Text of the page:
|Do flowers bloom WHILE it's raining? Or do they need sun and light for blooms to open? There are lots of info on what they need to bloom, but not what conditions they actually bloom under. Daylight? Darkness? Rain? Sun? Warmth? Cold? What are the scientific conditions for an actual blossom to emerge?|
|Question Date: 2020-05-22|
Flowers are all different, and blooming is not an instantaneous event, so it is impossible to give one set of "scientific" conditions for when blossoms emerge. In most plants, the flowers open when enough force builds up to rupture the connections between adjacent sepals. (The sepals comprise the green "casing" of the bud and protect the flower before it opens.) This force accumulates due to cells in different locations expanding by varying amounts. In some plants, this expansion is simply caused as cells grow at varying rates (or in some cases cells selectively dying). In others, cells in the buds accumulate water or ions which causes swelling. Once the cells have expanded/grown/swelled enough, the flower opens. This means that, to some extent, flowers open simply "whenever they open". In most cases, opening is regulated by light intensity and duration, with some effect of humidity. However, because weather is not constant, the prevailing conditions at the exact moment a flower is considered "open" cannot be predicted precisely. Also realize that some flowers open and close repeatedly , with a rhythm that may be dictated by weather, time of day, or internal chemicals rather than external stimuli (so the environment of such a plant could be changed but it would continue to open and close regularly.) This has been known for hundreds of years and is the basis for so-called "Flower Clock Gardens". In addition, some flowers will close in anticipation of rainfall. The reasons for repeated opening and closing are not fully understood, but generally are thought to protect the pollen in the flower for times when pollinators are active and help the plant reproduce (e.g., closing or turning down during rain to prevent pollen from being washed away.)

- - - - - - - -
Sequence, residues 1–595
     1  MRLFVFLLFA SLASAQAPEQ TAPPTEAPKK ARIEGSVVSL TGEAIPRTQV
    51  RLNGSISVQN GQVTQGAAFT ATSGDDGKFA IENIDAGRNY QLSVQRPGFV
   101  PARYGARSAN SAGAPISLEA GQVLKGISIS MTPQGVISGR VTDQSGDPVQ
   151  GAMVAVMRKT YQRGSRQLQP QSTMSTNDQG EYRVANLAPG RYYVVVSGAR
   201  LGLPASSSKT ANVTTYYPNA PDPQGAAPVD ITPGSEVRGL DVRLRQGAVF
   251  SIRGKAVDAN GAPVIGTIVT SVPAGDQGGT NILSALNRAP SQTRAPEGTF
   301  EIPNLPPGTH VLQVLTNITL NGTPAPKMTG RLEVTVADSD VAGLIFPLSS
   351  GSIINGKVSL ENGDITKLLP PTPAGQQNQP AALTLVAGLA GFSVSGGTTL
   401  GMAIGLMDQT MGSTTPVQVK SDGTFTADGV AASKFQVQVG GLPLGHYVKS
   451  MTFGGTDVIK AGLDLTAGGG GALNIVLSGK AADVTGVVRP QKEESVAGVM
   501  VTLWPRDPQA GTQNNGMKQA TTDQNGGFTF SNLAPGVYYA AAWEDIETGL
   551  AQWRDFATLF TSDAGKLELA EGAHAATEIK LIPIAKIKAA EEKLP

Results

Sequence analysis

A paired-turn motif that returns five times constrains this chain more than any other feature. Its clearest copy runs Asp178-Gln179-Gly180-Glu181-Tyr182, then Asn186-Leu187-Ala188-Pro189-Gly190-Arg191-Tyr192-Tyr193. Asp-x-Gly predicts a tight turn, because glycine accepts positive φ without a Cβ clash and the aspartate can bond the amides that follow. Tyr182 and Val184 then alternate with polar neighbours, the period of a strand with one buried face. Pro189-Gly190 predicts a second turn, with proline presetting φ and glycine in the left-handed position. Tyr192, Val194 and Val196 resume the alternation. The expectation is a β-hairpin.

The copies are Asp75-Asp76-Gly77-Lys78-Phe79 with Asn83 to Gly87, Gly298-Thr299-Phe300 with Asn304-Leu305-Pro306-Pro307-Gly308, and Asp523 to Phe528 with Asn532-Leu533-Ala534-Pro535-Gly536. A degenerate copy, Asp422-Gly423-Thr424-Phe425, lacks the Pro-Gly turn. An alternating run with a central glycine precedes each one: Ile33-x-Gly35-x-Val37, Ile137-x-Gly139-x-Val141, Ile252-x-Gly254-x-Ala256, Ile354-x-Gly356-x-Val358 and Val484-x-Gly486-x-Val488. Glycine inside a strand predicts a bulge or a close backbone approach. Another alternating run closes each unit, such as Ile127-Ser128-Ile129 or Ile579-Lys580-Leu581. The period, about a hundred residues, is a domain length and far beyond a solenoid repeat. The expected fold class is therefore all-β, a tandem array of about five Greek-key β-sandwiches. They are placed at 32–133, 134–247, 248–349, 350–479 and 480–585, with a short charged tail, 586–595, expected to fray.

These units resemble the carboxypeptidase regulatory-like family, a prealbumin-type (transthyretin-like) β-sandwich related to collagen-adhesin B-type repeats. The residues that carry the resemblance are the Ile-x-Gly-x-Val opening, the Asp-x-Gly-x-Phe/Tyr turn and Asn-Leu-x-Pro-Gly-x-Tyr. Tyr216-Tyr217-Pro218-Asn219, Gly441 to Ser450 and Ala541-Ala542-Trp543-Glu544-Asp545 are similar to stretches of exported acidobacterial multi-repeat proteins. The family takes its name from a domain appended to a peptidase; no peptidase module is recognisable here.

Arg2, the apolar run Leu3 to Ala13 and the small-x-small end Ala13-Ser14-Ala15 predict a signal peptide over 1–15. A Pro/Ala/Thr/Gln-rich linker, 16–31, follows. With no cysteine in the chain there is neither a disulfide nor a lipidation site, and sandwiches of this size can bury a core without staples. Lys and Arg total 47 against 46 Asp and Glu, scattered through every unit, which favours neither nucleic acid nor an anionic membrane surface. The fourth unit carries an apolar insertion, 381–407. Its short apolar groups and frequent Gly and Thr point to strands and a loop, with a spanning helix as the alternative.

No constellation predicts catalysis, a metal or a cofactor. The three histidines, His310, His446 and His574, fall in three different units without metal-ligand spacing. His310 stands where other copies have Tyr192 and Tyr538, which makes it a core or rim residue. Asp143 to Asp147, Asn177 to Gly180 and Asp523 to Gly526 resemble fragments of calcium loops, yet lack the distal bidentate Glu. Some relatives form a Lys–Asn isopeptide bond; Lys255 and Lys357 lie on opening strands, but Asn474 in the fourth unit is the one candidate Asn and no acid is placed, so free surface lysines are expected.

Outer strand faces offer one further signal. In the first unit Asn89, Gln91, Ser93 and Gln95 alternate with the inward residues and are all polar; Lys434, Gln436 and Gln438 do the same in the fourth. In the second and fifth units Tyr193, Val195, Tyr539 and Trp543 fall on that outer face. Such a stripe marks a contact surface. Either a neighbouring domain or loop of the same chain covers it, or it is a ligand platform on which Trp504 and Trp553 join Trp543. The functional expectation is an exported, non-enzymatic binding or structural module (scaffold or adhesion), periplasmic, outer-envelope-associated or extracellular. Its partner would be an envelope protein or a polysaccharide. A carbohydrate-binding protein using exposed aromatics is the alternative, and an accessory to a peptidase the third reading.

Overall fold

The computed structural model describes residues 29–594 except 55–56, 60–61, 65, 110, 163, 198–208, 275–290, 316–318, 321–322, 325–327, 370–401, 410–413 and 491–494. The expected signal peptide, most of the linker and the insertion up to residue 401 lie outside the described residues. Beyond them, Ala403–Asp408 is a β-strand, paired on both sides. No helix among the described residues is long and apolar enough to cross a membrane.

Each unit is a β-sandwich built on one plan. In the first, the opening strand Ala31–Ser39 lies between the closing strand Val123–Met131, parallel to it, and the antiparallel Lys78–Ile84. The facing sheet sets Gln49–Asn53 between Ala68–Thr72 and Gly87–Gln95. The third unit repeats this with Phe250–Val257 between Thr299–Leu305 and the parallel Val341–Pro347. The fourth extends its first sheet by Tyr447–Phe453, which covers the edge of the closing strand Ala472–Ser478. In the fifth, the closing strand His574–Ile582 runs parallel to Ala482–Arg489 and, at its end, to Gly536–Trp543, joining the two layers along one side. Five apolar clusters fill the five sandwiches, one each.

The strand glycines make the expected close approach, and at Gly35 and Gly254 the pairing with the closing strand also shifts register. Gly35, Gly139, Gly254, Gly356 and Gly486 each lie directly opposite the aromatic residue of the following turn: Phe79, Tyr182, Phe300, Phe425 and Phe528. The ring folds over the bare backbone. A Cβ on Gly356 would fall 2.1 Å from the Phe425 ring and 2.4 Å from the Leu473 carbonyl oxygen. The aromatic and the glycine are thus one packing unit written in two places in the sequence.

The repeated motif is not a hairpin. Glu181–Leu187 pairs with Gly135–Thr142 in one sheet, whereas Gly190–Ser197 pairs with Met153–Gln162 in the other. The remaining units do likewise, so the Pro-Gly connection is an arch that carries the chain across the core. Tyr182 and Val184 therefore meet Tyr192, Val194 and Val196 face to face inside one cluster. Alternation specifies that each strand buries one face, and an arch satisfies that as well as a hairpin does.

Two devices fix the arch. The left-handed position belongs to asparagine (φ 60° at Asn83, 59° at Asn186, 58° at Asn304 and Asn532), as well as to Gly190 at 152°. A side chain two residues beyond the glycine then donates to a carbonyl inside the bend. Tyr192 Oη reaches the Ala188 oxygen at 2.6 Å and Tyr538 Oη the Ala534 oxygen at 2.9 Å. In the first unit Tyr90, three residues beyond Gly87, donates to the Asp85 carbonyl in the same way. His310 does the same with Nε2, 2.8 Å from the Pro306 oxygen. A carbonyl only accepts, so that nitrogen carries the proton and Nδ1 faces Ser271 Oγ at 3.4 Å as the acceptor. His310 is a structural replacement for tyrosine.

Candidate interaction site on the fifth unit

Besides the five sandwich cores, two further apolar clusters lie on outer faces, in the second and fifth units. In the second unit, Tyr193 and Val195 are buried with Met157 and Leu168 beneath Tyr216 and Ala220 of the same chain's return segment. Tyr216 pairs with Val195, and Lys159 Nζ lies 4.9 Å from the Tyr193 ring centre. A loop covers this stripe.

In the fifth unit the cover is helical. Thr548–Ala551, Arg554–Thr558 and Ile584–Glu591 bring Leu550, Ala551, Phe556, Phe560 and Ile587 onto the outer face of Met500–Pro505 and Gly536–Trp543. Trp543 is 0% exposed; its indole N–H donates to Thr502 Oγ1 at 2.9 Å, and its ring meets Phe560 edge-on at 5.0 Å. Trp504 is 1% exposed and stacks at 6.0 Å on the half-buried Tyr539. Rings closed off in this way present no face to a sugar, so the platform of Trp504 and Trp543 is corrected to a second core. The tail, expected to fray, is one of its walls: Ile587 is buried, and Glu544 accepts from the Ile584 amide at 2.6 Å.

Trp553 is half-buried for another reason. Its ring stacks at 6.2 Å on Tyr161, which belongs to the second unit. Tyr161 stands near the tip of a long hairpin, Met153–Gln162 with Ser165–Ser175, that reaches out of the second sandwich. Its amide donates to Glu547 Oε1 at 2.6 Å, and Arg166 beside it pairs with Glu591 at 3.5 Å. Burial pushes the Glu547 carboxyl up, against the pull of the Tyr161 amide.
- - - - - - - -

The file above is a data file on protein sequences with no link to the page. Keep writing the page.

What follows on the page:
An interesting tangent, the bunchberry dogwood is the record holder for fastest flower motion, opening in less than 1 one-thousandth of a second.